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31233, Well, keep in mind that the GOD of the|
Posted by MALACHI, Tue Aug-16-05 11:35 AM
"Old Testament" is the same GOD of the "New Testament". We aren't talking about seperate entities. The Tetragrammaton (YHWH) was indeed used by Greek speaking Christians in their writings. Some research:
Jerome, in the fourth century, wrote: “Matthew, who is also Levi, and who from a publican came to be an apostle, first of all composed a Gospel of Christ in Judaea in the Hebrew language and characters for the benefit of those of the circumcision who had believed.” (De viris inlustribus, chap. III) This Gospel includes 11 direct quotations of portions of the Hebrew Scriptures where the Tetragrammaton is found. There is no reason to believe that Matthew did not quote the passages as they were written in the Hebrew text from which he quoted.
Other inspired writers who contributed to the contents of the Christian Greek Scriptures quoted hundreds of passages from the Septuagint, a translation of the Hebrew Scriptures into Greek. Many of these passages included the Hebrew Tetragrammaton right in the Greek text of early copies of the Septuagint. In harmony with Jesus’ own attitude regarding his Father’s name, Jesus’ disciples would have retained that name in those quotations.—Compare John 17:6, 26.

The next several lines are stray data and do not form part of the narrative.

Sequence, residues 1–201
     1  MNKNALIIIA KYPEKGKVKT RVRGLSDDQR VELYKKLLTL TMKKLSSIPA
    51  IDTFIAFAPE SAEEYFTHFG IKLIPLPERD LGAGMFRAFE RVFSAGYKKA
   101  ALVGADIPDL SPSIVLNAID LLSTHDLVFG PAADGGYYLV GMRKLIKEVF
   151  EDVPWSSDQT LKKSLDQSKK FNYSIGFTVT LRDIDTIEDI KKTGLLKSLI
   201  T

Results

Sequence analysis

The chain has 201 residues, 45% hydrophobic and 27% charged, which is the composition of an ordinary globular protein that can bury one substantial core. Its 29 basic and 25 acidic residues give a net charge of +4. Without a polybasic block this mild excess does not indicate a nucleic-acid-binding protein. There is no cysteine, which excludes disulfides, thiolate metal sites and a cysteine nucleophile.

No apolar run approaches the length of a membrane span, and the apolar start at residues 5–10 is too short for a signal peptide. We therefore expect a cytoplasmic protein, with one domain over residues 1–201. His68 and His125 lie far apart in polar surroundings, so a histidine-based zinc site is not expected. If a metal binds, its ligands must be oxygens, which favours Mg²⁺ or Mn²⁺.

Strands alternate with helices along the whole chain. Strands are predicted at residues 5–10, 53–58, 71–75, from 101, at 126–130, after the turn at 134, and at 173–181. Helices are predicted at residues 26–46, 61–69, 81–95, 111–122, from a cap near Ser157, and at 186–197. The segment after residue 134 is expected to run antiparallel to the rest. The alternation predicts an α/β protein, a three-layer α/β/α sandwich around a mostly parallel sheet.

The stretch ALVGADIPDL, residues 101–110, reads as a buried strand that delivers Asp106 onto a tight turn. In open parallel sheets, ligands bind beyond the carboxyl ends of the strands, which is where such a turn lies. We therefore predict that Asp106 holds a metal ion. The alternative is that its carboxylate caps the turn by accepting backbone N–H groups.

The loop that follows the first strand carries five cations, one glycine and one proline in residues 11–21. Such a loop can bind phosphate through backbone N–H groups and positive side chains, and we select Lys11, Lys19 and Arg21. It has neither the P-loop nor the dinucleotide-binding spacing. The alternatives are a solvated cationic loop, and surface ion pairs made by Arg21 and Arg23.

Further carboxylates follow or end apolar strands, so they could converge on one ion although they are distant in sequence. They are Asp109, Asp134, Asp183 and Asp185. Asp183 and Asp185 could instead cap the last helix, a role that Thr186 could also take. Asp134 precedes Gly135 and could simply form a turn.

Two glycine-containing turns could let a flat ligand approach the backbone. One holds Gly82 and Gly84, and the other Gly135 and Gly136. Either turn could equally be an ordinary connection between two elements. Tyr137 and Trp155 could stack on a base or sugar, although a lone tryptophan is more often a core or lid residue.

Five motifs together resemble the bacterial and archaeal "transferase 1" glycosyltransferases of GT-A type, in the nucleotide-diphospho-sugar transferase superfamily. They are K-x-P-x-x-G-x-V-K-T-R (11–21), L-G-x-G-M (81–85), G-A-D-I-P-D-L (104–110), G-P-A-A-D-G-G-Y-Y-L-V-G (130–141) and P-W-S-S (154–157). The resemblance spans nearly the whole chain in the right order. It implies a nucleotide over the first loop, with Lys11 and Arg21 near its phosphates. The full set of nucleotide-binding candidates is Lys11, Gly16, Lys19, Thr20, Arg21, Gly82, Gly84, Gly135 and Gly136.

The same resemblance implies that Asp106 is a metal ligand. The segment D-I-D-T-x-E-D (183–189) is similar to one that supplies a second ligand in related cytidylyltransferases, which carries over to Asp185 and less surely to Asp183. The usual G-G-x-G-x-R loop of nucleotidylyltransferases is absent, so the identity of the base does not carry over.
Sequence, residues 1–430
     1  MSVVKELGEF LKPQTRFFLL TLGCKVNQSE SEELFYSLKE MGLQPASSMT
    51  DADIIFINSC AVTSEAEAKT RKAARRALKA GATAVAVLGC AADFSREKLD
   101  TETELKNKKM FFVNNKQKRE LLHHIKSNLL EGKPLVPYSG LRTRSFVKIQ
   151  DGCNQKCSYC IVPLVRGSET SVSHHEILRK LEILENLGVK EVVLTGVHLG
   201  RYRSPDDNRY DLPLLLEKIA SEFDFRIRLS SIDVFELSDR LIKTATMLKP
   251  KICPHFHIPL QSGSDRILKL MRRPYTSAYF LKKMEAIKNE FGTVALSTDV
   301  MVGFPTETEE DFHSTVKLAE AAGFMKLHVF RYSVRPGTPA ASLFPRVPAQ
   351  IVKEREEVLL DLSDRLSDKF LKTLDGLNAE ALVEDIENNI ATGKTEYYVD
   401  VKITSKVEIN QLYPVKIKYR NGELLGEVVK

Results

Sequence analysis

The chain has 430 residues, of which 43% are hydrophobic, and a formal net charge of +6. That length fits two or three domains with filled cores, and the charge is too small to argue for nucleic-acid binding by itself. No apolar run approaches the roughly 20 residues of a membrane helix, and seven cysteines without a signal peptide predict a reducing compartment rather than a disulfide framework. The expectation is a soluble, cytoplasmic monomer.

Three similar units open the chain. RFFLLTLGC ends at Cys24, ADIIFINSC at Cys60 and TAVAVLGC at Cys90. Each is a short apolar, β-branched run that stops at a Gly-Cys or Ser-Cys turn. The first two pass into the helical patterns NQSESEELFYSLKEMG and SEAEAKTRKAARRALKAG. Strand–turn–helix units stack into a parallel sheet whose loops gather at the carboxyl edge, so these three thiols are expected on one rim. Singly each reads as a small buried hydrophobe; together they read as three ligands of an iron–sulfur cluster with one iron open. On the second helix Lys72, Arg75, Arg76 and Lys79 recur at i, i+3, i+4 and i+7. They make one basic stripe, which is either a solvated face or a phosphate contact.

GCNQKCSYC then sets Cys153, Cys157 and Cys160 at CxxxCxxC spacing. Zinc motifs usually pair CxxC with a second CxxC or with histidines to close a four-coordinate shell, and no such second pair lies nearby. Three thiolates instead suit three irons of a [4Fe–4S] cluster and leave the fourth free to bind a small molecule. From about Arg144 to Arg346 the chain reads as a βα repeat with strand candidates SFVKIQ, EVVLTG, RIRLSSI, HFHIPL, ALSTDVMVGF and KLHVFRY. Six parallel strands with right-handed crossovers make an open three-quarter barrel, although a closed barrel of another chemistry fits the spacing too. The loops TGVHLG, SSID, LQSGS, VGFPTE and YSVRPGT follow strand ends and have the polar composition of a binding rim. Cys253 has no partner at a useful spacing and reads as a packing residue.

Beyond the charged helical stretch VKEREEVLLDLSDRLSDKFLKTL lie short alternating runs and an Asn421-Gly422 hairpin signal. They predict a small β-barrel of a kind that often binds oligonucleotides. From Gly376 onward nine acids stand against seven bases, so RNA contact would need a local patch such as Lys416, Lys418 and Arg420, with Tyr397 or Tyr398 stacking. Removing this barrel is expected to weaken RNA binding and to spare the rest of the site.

In Journal of Biblical Literature, George Howard of the University of Georgia wrote: “We know for a fact that Greek-speaking Jews continued to write (the Tetragrammaton) within their Greek Scriptures. Moreover, it is most unlikely that early conservative Greek-speaking Jewish Christians varied from this practice. Although in secondary references to God they probably used the words and , it would have been extremely unusual for them to have dismissed the Tetragram from the biblical text itself. . . . Since the Tetragram was still written in the copies of the Greek Bible which made up the Scriptures of the early church, it is reasonable to believe that the N T writers, when quoting from Scripture, preserved the Tetragram within the biblical text. . . . But when it was removed from the Greek O T, it was also removed from the quotations of the O T in the N T. Thus somewhere around the beginning of the second century the use of surrogates must have crowded out the Tetragram in both Testaments.”—Vol. 96, No. 1, March 1977, pp. 76, 77.